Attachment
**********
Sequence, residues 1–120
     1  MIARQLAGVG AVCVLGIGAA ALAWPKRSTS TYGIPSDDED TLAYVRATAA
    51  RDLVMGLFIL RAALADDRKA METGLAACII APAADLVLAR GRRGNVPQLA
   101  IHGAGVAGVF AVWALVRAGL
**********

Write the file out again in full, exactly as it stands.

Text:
Sequence, residues 1–120
     1  MIARQLAGVG AVCVLGIGAA ALAWPKRSTS TYGIPSDDED TLAYVRATAA
    51  RDLVMGLFIL RAALADDRKA METGLAACII APAADLVLAR GRRGNVPQLA
   101  IHGAGVAGVF AVWALVRAGL